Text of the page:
Monday, March 22, 2010

Member Item Distribution Still "Grotesquely Unfair"

Today, our friends at NYPIRG released their analysis of the legislature’s member items for the current fiscal year.

The bottom line is that the funds are still distributed inequitably. In the Assembly, a whopping 81 percent of districts receive less than the average disbursement, which means that a small number of members – usually those in or close to the leadership - receive a disproportionately large amount of the funds. In the Senate, fewer than one third of the chamber’s members control more than 75 percent of member item funds.

While many member items fund good causes in members’ home districts, they can also be a tool for chamber leadership to retain control over members and another pot of money into which corrupt legislators can dip – as was the case with Assemblyman Brian McLaughlin, who collected $95,000 from a little league that was included in his member item distribution.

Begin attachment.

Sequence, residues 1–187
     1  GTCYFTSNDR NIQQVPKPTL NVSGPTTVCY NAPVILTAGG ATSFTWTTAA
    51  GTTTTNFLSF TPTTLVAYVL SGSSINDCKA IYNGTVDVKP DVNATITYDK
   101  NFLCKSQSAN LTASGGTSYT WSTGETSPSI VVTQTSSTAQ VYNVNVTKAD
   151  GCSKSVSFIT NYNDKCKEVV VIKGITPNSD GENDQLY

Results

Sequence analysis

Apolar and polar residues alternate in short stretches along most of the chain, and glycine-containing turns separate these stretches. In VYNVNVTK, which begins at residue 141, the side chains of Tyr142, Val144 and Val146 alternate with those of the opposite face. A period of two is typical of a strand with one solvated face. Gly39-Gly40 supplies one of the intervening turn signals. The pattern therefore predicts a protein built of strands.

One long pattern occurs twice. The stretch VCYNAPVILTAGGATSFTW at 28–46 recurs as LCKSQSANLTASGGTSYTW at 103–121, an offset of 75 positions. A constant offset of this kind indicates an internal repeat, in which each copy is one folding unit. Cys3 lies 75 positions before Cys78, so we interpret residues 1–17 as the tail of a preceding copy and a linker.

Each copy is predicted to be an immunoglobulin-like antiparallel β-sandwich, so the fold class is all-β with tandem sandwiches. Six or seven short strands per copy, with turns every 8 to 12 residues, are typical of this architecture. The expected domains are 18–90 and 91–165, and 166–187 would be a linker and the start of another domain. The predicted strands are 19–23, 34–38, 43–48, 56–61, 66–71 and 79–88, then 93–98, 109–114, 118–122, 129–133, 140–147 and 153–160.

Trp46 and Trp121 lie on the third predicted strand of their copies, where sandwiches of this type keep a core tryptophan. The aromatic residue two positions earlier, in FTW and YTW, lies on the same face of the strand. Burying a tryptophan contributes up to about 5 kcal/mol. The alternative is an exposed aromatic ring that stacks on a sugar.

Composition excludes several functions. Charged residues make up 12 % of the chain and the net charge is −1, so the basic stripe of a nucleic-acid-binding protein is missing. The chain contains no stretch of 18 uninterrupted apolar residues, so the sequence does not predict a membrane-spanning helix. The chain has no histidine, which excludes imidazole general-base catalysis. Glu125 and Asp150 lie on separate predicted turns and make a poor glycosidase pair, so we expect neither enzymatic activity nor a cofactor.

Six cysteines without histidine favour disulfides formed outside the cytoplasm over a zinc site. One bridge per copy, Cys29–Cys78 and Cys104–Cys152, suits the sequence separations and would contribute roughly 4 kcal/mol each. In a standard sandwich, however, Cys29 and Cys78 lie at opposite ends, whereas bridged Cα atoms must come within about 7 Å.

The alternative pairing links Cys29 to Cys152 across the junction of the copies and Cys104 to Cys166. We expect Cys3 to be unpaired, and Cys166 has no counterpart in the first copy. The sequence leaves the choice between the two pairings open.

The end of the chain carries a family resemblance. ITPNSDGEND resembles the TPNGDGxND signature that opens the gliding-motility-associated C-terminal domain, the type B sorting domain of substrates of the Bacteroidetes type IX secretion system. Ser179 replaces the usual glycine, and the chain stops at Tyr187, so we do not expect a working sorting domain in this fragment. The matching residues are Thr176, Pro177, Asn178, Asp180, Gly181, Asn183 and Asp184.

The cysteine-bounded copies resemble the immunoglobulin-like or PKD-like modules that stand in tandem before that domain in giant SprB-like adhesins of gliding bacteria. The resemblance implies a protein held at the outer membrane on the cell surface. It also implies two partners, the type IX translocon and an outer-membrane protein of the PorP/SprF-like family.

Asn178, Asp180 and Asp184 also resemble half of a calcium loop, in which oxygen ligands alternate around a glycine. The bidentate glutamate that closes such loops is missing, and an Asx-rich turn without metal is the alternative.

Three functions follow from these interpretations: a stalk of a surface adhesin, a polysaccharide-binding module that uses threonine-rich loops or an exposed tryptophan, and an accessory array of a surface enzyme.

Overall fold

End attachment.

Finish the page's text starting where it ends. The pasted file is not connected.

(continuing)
Reform advocates (including NYPIRG and the Brennan Center) support a measure that would entitle members to the same amount of member item funding and place tighter controls on conflicts of interest.

Monday, March 15, 2010

Correction: A Different Reading of Senate Rule VII § 3(e)

Andrew Stengel, Senior Adviser for Government Reform for the Senate Democrats and loyal reader of our blog, contacted us today to give us a different interpretation of Senate Rule VII § 3(e) than we provided in a blog post last week in connection with the Farmworkers Rights Bill.

The full rule is below: